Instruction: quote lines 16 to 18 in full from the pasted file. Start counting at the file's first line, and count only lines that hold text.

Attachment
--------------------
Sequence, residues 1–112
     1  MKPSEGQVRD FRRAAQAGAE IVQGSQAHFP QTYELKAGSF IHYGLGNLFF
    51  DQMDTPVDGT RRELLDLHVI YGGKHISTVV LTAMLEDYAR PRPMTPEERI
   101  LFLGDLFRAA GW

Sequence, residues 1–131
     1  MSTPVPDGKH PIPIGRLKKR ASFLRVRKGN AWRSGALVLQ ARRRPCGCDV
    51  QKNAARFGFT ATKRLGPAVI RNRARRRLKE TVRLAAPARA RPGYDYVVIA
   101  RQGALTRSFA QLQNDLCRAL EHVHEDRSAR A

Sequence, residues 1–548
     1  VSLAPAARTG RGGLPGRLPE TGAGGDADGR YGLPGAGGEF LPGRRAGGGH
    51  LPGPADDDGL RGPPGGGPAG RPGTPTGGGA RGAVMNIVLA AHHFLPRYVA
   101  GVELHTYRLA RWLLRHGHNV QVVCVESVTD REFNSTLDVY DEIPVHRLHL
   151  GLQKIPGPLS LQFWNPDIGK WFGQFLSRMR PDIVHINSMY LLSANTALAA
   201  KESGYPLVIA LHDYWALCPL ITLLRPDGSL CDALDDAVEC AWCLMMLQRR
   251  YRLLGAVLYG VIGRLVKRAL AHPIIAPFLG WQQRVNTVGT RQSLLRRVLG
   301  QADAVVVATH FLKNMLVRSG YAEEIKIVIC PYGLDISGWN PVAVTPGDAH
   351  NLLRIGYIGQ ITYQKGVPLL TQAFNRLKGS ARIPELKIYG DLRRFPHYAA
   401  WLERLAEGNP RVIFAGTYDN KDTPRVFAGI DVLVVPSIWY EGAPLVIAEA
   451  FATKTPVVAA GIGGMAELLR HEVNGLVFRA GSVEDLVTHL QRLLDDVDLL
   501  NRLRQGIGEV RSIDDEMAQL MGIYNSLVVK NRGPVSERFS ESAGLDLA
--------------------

   301  QADAVVVATH FLKNMLVRSG YAEEIKIVIC PYGLDISGWN PVAVTPGDAH
   351  NLLRIGYIGQ ITYQKGVPLL TQAFNRLKGS ARIPELKIYG DLRRFPHYAA
   401  WLERLAEGNP RVIFAGTYDN KDTPRVFAGI DVLVVPSIWY EGAPLVIAEA